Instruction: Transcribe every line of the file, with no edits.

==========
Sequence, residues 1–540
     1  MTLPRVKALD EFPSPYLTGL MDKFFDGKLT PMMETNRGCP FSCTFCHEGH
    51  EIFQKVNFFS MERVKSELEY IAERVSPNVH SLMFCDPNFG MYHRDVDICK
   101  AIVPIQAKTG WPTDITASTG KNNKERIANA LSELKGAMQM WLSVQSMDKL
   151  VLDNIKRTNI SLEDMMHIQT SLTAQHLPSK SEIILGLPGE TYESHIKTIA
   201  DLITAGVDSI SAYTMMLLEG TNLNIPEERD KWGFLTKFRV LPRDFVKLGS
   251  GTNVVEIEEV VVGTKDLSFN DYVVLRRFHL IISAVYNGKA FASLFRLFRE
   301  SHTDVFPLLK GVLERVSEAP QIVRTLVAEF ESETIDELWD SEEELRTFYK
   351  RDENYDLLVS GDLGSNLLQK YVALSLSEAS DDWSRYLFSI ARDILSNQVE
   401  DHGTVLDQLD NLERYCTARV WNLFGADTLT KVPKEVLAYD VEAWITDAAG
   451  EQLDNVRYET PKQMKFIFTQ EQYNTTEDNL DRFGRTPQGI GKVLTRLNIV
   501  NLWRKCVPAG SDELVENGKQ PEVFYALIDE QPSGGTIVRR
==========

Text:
Sequence, residues 1–540
     1  MTLPRVKALD EFPSPYLTGL MDKFFDGKLT PMMETNRGCP FSCTFCHEGH
    51  EIFQKVNFFS MERVKSELEY IAERVSPNVH SLMFCDPNFG MYHRDVDICK
   101  AIVPIQAKTG WPTDITASTG KNNKERIANA LSELKGAMQM WLSVQSMDKL
   151  VLDNIKRTNI SLEDMMHIQT SLTAQHLPSK SEIILGLPGE TYESHIKTIA
   201  DLITAGVDSI SAYTMMLLEG TNLNIPEERD KWGFLTKFRV LPRDFVKLGS
   251  GTNVVEIEEV VVGTKDLSFN DYVVLRRFHL IISAVYNGKA FASLFRLFRE
   301  SHTDVFPLLK GVLERVSEAP QIVRTLVAEF ESETIDELWD SEEELRTFYK
   351  RDENYDLLVS GDLGSNLLQK YVALSLSEAS DDWSRYLFSI ARDILSNQVE
   401  DHGTVLDQLD NLERYCTARV WNLFGADTLT KVPKEVLAYD VEAWITDAAG
   451  EQLDNVRYET PKQMKFIFTQ EQYNTTEDNL DRFGRTPQGI GKVLTRLNIV
   501  NLWRKCVPAG SDELVENGKQ PEVFYALIDE QPSGGTIVRR